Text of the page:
"Once I met those guys, all that went away," she says. "They were so generous with their compliments, and that's important when you record. They can all pick and choose whom they want to play with. I was blown away by their kindness. They made serious musical dreams come true for me. And the thing is, they are so darn good and they want to be better ."
Meyer recently agreed to perform with MacMaster in a video shoot for the song "Appropriate Dipstick" from the new record. Because it had been some time since the classical bassist had performed the piece, he felt the need to revisit it .
"He wanted to get it perfect," she says. "We were in makeup and wardrobe, and he's out there practicing. Most people wouldn't do that. Most people would say it's just a video, that you don't need to do it perfectly. It took such diligence and dedication to do that ."
She has similar "above and beyond" stories about banjo master Fleck, who took four hours out of a day on the road to record a part, and Douglas, the Dobro virtuoso who on a day off had to search out a studio to re-record a part for MacMaster's album .
"There are countless episodes of these guys doing this just for the sake of the music," she says .
While "Blueprint" may have been the culmination of a musical dream, it's not a peak by any means .
"You don't try to top it; how can you?" she says. "You just go on to the next one. I already have 15 tracks, and I'll pick 10 from that for a new record. I'm totally ready to go on it ."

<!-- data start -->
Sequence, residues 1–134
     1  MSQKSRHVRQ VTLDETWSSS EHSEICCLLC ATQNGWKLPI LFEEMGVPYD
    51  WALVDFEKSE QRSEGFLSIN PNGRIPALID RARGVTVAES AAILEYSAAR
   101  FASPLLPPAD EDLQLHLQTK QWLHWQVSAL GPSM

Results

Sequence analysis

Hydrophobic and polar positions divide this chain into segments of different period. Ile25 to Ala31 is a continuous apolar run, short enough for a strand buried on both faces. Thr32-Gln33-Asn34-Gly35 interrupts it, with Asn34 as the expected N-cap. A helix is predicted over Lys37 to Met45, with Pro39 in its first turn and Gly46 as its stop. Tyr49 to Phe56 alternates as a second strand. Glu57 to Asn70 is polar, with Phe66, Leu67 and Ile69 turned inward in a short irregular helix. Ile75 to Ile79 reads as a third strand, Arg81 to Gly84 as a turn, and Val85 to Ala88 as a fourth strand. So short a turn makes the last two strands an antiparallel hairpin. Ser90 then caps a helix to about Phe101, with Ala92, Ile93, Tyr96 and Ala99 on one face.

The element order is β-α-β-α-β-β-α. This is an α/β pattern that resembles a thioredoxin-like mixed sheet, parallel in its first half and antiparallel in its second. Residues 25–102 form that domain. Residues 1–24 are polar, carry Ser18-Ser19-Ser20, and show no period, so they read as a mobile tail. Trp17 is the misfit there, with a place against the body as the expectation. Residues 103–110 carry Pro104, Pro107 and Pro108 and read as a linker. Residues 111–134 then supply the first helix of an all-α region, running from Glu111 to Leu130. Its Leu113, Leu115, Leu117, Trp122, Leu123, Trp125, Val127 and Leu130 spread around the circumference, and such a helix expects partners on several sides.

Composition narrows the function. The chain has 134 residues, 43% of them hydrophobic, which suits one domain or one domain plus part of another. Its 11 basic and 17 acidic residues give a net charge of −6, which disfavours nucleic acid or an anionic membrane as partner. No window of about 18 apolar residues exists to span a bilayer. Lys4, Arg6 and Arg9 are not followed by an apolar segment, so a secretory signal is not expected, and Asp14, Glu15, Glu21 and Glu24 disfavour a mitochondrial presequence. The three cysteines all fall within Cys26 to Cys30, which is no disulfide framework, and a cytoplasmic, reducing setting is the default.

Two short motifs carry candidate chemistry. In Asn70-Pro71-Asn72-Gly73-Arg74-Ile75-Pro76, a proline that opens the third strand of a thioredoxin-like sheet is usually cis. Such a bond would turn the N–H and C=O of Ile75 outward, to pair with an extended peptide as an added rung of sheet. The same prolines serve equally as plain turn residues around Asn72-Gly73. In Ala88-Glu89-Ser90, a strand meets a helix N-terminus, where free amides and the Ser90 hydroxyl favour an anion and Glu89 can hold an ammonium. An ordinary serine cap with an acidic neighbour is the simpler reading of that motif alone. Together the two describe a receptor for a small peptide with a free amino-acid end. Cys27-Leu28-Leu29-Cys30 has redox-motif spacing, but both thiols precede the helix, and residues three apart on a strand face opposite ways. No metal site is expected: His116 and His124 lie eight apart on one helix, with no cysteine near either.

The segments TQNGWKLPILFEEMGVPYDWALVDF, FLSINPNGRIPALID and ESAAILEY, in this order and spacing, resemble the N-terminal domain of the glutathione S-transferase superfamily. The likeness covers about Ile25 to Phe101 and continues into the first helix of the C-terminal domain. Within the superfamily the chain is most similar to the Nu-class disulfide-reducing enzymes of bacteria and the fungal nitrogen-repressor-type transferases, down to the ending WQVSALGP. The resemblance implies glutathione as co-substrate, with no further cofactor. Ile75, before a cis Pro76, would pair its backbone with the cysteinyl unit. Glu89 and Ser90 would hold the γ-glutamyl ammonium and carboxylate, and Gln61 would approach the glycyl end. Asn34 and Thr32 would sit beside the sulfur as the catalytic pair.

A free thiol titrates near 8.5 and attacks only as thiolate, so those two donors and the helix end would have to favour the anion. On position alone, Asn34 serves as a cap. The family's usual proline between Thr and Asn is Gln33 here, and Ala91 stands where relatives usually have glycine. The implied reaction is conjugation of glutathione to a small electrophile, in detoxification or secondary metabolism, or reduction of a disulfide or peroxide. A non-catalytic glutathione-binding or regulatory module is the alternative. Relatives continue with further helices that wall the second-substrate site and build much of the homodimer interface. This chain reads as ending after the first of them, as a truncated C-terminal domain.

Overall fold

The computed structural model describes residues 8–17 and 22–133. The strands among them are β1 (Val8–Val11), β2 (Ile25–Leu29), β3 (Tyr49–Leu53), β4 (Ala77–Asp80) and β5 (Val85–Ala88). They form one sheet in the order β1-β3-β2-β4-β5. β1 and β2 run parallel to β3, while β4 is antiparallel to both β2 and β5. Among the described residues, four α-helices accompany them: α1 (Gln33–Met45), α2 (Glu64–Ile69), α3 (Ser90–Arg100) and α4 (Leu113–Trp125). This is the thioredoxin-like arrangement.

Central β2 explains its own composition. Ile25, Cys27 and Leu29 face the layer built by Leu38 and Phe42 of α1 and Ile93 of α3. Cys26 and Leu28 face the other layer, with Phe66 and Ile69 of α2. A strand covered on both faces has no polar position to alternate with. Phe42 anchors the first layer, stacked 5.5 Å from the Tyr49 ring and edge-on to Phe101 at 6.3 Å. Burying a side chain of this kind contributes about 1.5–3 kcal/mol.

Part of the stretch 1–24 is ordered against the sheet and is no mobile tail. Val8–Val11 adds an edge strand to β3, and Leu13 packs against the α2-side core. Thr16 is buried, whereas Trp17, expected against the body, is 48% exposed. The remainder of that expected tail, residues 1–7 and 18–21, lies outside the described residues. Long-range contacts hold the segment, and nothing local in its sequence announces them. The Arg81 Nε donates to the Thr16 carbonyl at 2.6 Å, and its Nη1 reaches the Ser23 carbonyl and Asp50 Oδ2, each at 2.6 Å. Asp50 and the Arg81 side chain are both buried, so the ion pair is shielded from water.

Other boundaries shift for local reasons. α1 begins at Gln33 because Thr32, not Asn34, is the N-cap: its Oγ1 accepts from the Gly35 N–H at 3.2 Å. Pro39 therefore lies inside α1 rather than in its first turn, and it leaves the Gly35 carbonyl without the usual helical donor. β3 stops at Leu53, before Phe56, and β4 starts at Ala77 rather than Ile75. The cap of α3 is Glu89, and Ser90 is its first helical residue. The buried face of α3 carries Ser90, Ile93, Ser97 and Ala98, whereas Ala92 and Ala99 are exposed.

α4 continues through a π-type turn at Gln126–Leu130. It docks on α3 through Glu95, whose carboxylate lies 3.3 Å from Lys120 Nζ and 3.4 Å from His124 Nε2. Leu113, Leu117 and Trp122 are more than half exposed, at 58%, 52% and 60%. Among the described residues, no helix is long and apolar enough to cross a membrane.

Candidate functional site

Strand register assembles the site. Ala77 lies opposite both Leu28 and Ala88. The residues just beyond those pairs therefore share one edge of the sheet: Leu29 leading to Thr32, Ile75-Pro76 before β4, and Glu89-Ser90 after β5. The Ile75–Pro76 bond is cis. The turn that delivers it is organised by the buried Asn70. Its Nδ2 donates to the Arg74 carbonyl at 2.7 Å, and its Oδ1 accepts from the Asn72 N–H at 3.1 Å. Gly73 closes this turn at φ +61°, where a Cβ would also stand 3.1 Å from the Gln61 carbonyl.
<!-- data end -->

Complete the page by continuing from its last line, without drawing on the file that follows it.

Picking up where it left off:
MacMaster is projecting an early 2005 release for the new album, which she intends to record with her band .
"It's going to be different, that's all I can say," she says .
In fact, MacMaster says she has three more CDs in mind. She stopped herself short and asked aloud, "But what is the future of CDs? At what point will artists stop making money and start severely losing money on CDs?"A self-avowed technophobe - as is her husband - MacMaster doesn't own a computer, doesn't do e-mail (she has a secretary for such tasks) and has never downloaded a song .
"I'm not a techie-type girl," she admits. "Mine's to make music. But I can understand downloading. If I had a computer, and there was great music there for free, and I love this one song..." her voice trailed off. "It's a difficult decision ."
Because of the big financial commitment on the part of an artist, there's a danger that some music may never be recorded based on finances rather than creativity, she says .
"Things are changing in this industry. Musicians need to be motivated to record music," MacMaster says. "You can't go and invest $100,000 and not get your money back. They pour all their time and energy into that thing. Otherwise we'd be in the poor house ."
"The point is, musicians need to keep being inspired to record - financially. We can't let people stop recording because they can't afford to record. We've got to be able to record and have it pay for itself .
"I'd record the rest of my life if I knew I'd just break even ."